One Weird Trick To Use When Your First Layer Won't Stick

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I have been 3D printing for eight years. If the first layer wasn’t sticking on my first printer, I would just make sure the nozzle was at a reasonable height then load up the glass build plate with more hairspray. There wasn’t much hairspray wouldn’t fix.

The Prusa MK3S with its PEI sheet has been a huge upgrade. Every now and then I print something that is a little persnickety, and I have to put down a layer of glue stick to make sure some tiny perimeters don’t peel up. For the most part, though, the PEI does a good job holding my prints and releasing them afterward.

Small Prints at the Corners

NOTE: The problematic corner still needed a bit of glue stick with these tiny, angular filament clips!

My experience hasn’t been perfect. I have a lot of trouble with bed adhesion close to the edges. Even with Prusa’s 49-point mesh bed leveling, the extremes are either a bit too close or too far. I also suspect that one corner of my PEI sheet is just crummy.

I have tried adjusting the bed level correction. I think I have improved things, but I haven’t completely eliminated the problem. I assume this problem is a result of the PINDA probe being way over to the right. That means it has no way to probe really close to both edges of the bed.

I was hunting for a new solution this week, because I have a different problem. I grabbed a spool of Anycubic gray PLA for $19 to print a mess of GridFinity bins. I had some trouble with adhesion on a long bin, so I started doing some troubleshooting.

Gridfinity bins at the corners

NOTE: I didn’t get as close to the edge on the right as I thought I would!

My first layers are more than a little inconsistent with this filament. I suspect it just isn’t very good filament.

Never troubleshoot your overall first-layer issues with crummy filament. You’ll probably just screw things up for when you swap back to nice filament. Even so, I wanted to continue printing cheap GridFinity bins.

This one simple trick seems like a good idea!

PrusaSlicer and SuperSlicer default to a 0.42 mm extrusion width for the first layer. Other slicers use a wider extrusion for the first layer. Why would you want to use a wider extrusion for the first layer?

The wider extrusion width makes up for being a bit too far from the print bed or minor underextrusion.

If everything is calibrated well, everything will work out very much like the defaults. If you’re printing just a hair too far above the surface, that extra extrusion means that you are more likely to still get just enough squish to lock the filament to the PEI.

SuperSlicer settings

In my case, this means I can calibrate for a perfect first layer near the center of my PEI sheet, but I am still getting enough contact out at the problematic corners and edges for my print to stick.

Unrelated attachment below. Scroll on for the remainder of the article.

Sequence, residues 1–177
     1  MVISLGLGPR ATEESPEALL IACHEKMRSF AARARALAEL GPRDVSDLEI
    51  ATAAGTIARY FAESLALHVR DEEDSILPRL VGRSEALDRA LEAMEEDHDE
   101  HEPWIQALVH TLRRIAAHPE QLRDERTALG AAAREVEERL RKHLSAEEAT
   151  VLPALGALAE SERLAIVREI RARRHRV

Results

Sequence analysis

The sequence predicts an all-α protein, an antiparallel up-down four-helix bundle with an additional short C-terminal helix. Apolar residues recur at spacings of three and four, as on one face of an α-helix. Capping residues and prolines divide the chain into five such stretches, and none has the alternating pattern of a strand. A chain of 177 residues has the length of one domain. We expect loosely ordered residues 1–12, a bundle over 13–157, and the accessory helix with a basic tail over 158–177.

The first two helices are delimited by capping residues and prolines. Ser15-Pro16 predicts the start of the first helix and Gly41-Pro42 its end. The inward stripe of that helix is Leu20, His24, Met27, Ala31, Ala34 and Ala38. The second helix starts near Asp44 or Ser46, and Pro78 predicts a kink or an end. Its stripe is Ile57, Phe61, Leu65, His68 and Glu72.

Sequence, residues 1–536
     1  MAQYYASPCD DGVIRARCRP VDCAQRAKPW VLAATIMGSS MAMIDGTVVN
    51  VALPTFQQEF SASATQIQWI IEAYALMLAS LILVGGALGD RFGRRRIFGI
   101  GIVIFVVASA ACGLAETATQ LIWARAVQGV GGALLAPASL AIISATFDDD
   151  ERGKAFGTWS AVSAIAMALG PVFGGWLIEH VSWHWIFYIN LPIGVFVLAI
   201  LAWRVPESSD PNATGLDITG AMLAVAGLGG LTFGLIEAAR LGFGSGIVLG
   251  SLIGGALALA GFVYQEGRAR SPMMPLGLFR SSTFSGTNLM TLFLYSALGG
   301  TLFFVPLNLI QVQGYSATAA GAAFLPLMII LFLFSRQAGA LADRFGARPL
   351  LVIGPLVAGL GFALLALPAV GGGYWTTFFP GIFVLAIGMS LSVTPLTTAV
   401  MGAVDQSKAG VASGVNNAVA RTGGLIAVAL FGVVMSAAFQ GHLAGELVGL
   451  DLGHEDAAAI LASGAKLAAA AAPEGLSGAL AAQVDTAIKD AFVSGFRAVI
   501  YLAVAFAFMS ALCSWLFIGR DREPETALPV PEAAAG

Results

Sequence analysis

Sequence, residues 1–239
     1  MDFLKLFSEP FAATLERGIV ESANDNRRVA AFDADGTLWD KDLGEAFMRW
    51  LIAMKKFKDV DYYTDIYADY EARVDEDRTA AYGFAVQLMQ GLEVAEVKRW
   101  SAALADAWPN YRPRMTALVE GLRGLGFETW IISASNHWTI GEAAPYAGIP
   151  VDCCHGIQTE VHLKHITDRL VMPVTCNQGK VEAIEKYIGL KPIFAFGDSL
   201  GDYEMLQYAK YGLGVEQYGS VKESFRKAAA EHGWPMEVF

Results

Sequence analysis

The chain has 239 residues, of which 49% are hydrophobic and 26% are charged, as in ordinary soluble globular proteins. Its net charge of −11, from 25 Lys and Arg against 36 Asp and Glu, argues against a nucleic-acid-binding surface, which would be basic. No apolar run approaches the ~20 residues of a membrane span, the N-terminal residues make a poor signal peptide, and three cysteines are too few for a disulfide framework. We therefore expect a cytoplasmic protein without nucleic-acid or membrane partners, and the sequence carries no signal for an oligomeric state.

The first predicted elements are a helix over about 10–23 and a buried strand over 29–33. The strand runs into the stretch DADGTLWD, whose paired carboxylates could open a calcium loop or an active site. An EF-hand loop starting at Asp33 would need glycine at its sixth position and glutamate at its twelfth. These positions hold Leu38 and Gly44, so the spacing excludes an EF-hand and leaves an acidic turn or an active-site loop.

You’d get to see a diagram here if I were artistic, or if I had a pen for my 2-in-1 tablet!

Won’t wider extrusions make the printer lay down too much plastic?

No. The slicer does the math correctly. If the first layer would be 30 lines wide with a 0.42 mm extrusion width, then the first layer will be about 25 lines wide with a 0.5 mm extrusion width.

The lines will be wider, so they will be spaced farther apart.

A tiny update!

While I was writing this blog I was thinking about why I stopped at 0.5 mm extrusion width for the first layer. I’ve heard that double the nozzle width should be acceptable, and I am already printing infill at 0.6 mm. Why not push things a little more?!

Printing at 0.75mm extrusion width

I am now running with 0.75 mm extrusion width on the first layer. It seems to be working great. Even my problematic corner managed to stick, even though my Z-offset is definitely a bit higher than it should be. Look at the size of those lines!

I don’t trust this filament, so I am not going to try to tune my first layer until I finish off the spool with Gridfinity bins. The Z-height doesn’t make a lot of sense to me. The top-left square is close to correct. The bottom-right is usually my difficult corner, and that one is printing a bit too close, but the top-right square is closer than the middle-right square.


I am using a 0.5 mm extrusion width in SuperSlicer with the Arachne perimeter generator. I am not sure if Arachne is being used on the first layer, but I assume that it is. I might try pushing this up to 0.6 mm because that is what I’ve been using for infill. If it works well for infill, then it ought to work for the first layer. The first layer is the slowest, so printing fewer lines ought to be a decent speed increase!

What do you think? Have you been having trouble with your first layer? What have you tried doing to correct it? What 3D printer are you using? Have you tried wider extrusion for the first layer? Let me know in the comments, or stop by the Butter, What?! Discord server to chat with me about it!